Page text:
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David’s “unrational” lack of fear

When it comes to being afraid, I think I would be safe in saying that there are times in which we all have fear. A loud thunderstorm, a venomous snake, a plane that shakes at 35,000 feet may be things that cause us to become afraid. In the Bible there are times when people are afraid and then there are those people who never seem to be afraid. One cannot read the life of David and conclude that he was never afraid but there are not many times recorded. Some passages (Ps 55 and 1 sam 21:12)  indicate fear on David’s behalf.

By and large though, he not a fearful person. Many of the psalms written encourage us by sharing that there is no reason to fear. Psalm 23 is probably the most well known.

Even though I walk through the valley of the shadow of death, I will fear no evil, for you are with me; your rod and your staff, they comfort me.  (Psa 23:4 ESV)

Others are:

The LORD is my light and my salvation; whom shall I fear? The LORD is the stronghold of my life; of whom shall I be afraid? When evildoers assail me to eat up my flesh, my adversaries and foes, it is they who stumble and fall. Though an army encamp against me, my heart shall not fear; though war arise against me, yet I will be confident.  (Psa 27:1-3 ESV)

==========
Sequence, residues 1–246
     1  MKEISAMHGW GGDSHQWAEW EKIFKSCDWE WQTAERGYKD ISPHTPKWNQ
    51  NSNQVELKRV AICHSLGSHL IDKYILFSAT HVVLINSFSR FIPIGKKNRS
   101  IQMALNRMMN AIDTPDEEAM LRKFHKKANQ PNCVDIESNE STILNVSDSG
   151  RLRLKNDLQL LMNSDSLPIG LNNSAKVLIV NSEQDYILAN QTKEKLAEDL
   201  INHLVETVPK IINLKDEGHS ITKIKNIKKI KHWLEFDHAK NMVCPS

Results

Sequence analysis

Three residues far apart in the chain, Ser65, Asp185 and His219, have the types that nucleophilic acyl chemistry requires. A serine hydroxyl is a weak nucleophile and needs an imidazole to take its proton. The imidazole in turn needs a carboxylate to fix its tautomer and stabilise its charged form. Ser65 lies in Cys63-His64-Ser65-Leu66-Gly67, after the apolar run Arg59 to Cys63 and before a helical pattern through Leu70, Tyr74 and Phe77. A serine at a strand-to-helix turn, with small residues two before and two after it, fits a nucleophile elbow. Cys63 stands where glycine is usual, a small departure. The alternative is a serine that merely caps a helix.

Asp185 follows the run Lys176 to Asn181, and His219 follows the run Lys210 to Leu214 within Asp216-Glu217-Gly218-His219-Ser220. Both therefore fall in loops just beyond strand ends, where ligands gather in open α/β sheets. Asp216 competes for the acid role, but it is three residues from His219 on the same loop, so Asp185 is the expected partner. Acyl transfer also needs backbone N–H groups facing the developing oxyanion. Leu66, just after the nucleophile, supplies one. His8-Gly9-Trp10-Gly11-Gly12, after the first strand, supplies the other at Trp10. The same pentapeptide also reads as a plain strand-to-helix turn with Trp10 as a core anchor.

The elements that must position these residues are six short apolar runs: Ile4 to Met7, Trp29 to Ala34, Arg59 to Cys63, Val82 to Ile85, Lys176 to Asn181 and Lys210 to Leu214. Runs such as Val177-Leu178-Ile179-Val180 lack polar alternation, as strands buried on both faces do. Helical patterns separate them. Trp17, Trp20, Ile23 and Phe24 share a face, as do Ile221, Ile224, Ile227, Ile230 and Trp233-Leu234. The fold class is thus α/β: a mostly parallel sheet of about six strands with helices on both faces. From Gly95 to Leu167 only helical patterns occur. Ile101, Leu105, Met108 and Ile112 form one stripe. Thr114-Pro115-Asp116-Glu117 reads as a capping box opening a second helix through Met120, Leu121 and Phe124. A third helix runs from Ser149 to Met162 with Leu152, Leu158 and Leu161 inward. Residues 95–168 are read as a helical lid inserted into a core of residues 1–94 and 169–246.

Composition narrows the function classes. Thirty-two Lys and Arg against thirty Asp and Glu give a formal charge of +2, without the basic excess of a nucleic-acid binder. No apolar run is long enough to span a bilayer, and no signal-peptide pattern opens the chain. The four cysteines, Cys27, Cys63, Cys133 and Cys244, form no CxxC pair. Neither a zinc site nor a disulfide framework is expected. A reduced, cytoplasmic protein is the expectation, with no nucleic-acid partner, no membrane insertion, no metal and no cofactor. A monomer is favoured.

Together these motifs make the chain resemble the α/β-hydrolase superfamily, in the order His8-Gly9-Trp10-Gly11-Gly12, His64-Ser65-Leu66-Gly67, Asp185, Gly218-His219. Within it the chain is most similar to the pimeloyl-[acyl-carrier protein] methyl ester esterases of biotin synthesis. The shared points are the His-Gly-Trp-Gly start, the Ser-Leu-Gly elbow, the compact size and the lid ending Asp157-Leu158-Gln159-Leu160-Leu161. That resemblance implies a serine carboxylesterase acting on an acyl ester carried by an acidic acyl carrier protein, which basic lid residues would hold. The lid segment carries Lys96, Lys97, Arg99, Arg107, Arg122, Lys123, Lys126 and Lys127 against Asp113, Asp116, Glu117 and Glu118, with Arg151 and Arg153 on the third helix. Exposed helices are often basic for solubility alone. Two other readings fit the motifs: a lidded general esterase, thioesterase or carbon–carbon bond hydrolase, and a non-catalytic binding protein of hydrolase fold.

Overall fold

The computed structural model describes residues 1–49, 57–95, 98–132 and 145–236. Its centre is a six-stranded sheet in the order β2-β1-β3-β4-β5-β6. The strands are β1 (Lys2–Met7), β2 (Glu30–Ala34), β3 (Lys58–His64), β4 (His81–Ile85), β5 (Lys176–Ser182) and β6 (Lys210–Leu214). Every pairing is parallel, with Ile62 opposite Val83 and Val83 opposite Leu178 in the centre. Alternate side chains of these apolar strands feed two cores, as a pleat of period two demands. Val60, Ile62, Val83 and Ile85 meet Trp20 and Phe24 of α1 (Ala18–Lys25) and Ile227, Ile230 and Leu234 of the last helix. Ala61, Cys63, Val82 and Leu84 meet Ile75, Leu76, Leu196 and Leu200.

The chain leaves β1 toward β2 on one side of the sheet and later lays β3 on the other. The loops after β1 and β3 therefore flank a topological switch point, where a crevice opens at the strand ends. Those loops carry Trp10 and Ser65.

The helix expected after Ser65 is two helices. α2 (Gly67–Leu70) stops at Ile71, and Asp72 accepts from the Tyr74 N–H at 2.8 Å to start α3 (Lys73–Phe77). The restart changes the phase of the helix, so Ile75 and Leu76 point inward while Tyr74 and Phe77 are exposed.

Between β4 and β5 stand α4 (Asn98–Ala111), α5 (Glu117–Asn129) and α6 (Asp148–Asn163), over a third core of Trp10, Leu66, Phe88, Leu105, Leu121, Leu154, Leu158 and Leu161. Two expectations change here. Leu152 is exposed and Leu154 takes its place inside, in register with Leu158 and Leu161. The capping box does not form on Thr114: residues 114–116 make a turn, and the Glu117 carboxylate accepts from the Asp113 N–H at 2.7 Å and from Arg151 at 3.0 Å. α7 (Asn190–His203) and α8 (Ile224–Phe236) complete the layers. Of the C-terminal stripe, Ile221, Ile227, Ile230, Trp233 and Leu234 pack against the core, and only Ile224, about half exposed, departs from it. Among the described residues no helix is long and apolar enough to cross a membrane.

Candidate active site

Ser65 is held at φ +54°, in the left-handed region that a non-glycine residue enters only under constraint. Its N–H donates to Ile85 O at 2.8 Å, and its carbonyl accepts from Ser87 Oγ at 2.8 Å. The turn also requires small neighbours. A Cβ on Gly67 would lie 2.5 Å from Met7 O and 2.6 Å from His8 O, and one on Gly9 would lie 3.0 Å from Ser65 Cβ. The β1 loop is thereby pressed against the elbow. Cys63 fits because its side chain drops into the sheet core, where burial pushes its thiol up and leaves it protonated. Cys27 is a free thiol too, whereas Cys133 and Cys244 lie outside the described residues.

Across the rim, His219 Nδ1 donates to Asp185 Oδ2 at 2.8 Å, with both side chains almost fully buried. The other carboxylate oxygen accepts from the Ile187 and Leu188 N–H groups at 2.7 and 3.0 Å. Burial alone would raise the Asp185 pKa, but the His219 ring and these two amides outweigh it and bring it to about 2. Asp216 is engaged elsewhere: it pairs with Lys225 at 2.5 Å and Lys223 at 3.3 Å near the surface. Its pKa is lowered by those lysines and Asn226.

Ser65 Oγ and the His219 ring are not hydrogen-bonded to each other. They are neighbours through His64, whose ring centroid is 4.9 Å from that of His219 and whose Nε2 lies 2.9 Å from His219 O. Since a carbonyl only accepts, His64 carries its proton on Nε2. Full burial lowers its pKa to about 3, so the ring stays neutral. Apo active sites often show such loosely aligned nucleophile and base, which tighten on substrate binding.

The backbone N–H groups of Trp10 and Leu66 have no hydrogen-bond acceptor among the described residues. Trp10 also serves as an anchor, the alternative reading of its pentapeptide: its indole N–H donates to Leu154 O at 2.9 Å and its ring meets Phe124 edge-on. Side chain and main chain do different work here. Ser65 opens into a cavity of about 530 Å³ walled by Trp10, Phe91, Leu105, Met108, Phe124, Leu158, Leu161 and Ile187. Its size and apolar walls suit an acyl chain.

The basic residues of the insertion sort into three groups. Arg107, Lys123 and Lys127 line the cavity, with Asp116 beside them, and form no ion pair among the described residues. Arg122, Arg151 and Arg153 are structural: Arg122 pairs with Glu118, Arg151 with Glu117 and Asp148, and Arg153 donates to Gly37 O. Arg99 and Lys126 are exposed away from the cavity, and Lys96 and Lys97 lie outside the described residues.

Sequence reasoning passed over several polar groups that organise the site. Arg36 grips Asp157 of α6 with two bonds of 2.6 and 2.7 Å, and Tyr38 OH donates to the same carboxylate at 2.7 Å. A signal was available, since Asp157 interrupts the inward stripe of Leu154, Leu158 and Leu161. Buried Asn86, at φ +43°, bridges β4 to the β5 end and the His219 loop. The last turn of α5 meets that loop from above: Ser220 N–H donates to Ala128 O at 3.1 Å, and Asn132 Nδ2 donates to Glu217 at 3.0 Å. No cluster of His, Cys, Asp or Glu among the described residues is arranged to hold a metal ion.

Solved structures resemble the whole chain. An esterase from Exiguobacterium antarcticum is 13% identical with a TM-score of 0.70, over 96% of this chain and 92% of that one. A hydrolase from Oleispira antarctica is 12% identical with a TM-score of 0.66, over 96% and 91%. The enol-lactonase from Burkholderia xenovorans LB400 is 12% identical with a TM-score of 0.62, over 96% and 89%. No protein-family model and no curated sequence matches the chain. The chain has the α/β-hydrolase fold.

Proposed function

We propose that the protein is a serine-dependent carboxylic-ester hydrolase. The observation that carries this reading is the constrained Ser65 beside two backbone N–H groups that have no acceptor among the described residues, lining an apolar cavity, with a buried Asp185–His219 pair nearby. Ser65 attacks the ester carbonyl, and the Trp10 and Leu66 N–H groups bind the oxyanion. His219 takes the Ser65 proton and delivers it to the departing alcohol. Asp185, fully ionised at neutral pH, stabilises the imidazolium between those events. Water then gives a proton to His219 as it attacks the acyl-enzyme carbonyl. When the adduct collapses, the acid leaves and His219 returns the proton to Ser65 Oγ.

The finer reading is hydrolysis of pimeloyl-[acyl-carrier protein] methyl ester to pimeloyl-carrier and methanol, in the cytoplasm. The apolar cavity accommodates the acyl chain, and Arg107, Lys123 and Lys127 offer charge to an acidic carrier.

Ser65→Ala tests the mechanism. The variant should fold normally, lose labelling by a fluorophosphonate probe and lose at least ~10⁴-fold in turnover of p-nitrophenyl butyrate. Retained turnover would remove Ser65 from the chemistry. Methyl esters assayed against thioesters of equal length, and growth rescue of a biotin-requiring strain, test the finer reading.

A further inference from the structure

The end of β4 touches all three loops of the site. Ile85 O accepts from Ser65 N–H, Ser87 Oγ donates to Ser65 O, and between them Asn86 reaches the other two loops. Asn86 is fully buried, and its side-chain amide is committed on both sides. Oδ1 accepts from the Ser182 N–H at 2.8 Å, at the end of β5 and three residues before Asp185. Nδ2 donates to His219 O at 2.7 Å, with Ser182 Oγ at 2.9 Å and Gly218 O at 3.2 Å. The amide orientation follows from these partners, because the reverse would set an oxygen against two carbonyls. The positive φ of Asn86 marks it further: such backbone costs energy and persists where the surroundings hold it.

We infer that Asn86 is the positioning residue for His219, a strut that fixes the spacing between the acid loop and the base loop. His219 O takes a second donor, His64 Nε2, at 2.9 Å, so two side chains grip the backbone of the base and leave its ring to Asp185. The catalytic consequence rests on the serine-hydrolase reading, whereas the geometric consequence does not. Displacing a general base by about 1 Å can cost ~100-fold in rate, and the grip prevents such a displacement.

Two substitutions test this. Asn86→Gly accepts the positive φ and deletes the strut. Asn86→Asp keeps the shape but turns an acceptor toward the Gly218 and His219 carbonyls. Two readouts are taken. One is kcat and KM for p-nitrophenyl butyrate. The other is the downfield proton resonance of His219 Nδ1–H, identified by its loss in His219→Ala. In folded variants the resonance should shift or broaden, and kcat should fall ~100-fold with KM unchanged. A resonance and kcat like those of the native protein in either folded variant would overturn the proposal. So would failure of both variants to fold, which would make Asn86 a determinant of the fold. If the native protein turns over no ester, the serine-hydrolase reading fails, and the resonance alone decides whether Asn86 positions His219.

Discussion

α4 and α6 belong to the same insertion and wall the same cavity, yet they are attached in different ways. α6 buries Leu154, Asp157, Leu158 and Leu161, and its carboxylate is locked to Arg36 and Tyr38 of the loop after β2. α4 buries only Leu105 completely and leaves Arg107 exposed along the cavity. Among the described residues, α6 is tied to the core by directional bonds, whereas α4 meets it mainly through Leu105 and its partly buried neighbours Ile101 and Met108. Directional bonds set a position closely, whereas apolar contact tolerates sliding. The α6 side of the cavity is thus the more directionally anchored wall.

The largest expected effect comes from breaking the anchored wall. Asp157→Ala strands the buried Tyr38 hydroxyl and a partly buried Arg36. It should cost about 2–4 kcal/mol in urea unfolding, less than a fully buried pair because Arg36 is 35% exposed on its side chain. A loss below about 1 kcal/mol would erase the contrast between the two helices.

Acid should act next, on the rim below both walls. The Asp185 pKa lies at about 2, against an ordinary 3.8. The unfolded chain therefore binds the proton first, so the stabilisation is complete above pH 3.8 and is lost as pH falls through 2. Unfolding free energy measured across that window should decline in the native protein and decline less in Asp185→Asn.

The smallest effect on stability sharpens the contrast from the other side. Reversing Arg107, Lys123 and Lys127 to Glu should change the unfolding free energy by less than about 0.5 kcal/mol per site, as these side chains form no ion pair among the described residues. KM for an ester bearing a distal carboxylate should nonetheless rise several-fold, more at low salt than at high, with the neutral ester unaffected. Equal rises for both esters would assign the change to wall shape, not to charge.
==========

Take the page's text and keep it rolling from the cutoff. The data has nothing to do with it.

God is our refuge and strength, a very present help in trouble. Therefore we will not fear though the earth gives way, though the mountains be moved into the heart of the sea,  (Psa 46:1-2 ESV)

The LORD is on my side; I will not fear. What can man do to me?  (Psa 118:6 ESV)

David seemed to have  a very pragmatic approach to situations that would cause other men to cower in fear. This approach could be summed up in “What’s the worst that can happen?”

This seems to be the attitude that David had as he confronted Goliath. As you read the passage in 1 sam 17, you see David, time and again, express his confidence that God would deliver him.

The armies of Saul heard the challenge of Goliath and were afraid. They had forgotten who was on their side! David came to remind them of that simple fact. The assembly of God’s people did not know how the Lord saves. They soon would!

and that all this assembly may know that the LORD saves not with sword and spear. For the battle is the LORD’s, and he will give you into our hand.”  (1Sa 17:47 ESV)

Fear is often the result of worry about what might be. I agree with Mark Twain: most of the things I have worried about never happened.

What might have been in David’s case is a quick death. However, he would then be with God and that would be good. So if you can accept the worse case scenario, then go slay your Goliath with the help of the Lord. What’s the worst that can happen?

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